Do you ever feel consumed by the demands of navigating what you imagine should be simple, routine challenges? When we registered our eldest child for a basketball program, we were shocked that practices were daily two-hour regimens with games twice a week in the evenings. On top of that, enrollment in his regular choir class ended up requiring attendance at additional rehearsals because of his ranking in one of the higher-level vocal groups. Of course, there were homework assignments and various projects, occasional group meetings, and volunteer work. I wondered what had happened to the hobbies and activities I had enjoyed when I was in high school. With five children, the schedule rapidly became overly cluttered, despite my determined efforts to streamline and simplify our daily routine. I looked forward to every single school holiday, only to discover that our church’s youth group regarded the school holidays as opportunities for some day-long excursion. Desperate for non-scheduled time with my kids, I played the role of the bad guy and regularly opted out of those events.
In the meantime, I had hoped that homeschooling three of our five would lessen the load in the evenings. While that did, indeed, prove true, my daytime hours were consumed with books, lessons, and grading papers for the three at home, and our nights were cluttered with driving everyone everywhere and hoping to settle down to dinner together before all the athletic events (or even afterward).
Fairly organized, I somehow managed to cook meals for our family and the numerous additional young people who visited our table regularly. The chaos of life was somehow simultaneously blissful and daunting. When anyone asked how I spent my time, I answered, “I am an expert at socks and underwear.” Occasionally I was known to practice conjugating Russian verbs aloud while completing menial tasks. With the pressure of staying one step ahead of the tyrannically consuming schedule, I could barely breathe — yet I found it oddly exhilarating. Somewhere along the way, I gave up worrying about who I was or what I was or whether I was good enough for anything or anybody. Somehow it didn’t matter anymore. What mattered was loving my husband and children and ensuring they had what they needed. I learned to trust God in the tight places and let Him breathe for me.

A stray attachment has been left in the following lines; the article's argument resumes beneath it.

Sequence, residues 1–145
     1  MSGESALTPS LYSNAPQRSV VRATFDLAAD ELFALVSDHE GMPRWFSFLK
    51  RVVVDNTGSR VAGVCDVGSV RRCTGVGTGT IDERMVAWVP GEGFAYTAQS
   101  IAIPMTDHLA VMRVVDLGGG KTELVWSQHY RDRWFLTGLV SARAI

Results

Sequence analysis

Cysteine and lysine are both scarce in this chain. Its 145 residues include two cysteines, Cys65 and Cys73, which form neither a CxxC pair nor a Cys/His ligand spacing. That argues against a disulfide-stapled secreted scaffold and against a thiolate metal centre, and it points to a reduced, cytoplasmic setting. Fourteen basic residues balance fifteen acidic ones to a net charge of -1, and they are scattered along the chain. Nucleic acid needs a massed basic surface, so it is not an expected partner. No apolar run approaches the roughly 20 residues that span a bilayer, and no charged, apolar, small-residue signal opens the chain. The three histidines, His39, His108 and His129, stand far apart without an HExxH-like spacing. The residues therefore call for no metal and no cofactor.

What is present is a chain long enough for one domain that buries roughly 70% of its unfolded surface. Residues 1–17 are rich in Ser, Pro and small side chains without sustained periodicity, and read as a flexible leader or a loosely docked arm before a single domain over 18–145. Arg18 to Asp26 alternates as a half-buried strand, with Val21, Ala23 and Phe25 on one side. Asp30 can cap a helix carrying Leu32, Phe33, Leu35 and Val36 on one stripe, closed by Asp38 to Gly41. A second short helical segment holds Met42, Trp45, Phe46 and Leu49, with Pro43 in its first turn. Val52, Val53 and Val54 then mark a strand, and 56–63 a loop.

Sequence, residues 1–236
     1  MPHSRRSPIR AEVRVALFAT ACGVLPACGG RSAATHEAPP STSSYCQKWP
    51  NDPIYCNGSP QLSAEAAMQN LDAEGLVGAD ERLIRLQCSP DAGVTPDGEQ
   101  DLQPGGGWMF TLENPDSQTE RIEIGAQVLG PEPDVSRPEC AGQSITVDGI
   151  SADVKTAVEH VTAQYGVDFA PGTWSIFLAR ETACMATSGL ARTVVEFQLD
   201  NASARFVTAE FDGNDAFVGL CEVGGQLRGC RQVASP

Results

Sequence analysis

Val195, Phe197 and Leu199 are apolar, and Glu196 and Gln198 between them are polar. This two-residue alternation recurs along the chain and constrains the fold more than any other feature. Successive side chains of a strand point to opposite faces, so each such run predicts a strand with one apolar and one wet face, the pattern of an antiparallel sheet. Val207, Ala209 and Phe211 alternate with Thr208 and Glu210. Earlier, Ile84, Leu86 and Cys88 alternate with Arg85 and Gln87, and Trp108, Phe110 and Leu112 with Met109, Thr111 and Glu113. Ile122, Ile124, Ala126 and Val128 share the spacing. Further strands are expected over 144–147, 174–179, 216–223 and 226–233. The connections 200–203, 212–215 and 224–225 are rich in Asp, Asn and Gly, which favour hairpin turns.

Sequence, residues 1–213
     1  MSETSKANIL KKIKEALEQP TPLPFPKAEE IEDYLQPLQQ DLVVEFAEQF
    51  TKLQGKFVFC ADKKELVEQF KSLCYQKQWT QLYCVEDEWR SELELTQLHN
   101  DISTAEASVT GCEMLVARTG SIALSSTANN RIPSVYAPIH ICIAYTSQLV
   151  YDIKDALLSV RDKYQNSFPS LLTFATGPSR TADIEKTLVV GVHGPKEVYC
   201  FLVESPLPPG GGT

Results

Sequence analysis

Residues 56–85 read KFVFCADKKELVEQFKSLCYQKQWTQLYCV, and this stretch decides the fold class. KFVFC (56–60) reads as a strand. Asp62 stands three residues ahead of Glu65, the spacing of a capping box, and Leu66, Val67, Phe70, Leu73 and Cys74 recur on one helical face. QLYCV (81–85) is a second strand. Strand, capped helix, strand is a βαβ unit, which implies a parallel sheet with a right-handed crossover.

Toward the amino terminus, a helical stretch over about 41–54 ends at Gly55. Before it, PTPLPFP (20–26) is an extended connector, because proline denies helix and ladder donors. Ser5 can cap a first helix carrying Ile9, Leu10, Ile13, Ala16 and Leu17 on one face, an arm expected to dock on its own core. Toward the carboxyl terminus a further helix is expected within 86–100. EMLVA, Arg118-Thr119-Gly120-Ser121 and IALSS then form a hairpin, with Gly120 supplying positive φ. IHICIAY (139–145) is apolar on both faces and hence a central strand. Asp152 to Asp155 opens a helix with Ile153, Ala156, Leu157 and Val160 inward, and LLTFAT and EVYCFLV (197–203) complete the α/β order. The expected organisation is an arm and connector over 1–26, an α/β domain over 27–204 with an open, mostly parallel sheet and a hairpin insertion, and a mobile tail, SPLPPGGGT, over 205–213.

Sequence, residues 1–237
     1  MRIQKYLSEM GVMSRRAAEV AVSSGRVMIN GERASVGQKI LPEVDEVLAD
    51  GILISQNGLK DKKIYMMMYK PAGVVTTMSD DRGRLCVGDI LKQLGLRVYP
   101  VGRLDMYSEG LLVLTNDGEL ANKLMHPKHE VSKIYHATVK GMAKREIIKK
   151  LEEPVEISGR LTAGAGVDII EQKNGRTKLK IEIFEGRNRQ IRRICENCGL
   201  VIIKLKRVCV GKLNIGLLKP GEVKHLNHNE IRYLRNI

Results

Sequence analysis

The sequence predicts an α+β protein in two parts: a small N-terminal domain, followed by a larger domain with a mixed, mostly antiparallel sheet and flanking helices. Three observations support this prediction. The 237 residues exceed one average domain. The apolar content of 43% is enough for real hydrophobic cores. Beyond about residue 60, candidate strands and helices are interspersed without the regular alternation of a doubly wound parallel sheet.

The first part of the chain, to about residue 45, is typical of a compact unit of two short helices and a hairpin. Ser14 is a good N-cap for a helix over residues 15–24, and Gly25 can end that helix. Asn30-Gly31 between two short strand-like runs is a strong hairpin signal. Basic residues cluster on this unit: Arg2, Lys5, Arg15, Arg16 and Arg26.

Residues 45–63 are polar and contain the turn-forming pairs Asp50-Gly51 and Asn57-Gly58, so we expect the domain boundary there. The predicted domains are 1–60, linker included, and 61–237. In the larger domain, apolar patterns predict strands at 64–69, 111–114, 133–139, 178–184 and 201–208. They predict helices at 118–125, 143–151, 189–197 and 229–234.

When the youngest child left for college, I was truly sorrowful. His absence left the house hollow and silent (they had all left by degrees, each one taking a piece of my heart, but the emptiness was palpable now). Although I had planned to feel sorry for myself for a couple of months, God had other ideas. Before I realized what was happening, all manner of activities and projects began to fill our schedule. Over the course of the past few years, it seems everything we have agreed to do has ended up following the above-described “basketball schedule” expansion principle. One task invariably led to another, which birthed several more projects. Suddenly, the thorn bush was again alive and well and threatened to consume us.
As I asked the Lord about possibly resigning from some commitments, He instead spoke to my heart: “I will teach you a different way to run.” Just as He taught me to breathe in the tight places where I was afraid of being consumed several years ago, He can empower me to breathe in the throes of the pressures I currently face on a regular basis. Irrespective of what phase of life I am navigating, the holy Seed of Life in me does not necessarily have to get choked by the thorns. Instead, as I focus on Jesus, the author and finisher of my faith (Hebrews 12:1-3), I am reminded that the things that threaten to swallow me up can be used by God to remind me of His goodness and power. As the Apostle Paul explains: “And He said to me, ‘My grace is sufficient for you, for My strength is made perfect in weakness.’ Therefore most gladly I will rather boast in my infirmities, that the power of Christ may rest upon me……For when I am weak, then I am strong.” (2 Corinthians 12:7-10)
Even though the thorn bush at times threatens (or appears to threaten) to choke me or suffocate me, I know I can view the thorns, the sticking points in my life, as a reminder of my weaknesses. I also understand that those weaknesses are the places Jesus loves to manifest His power and strength. In that sense, I am grateful for the thorn bushes! God, glorify Yourself in my weaknesses!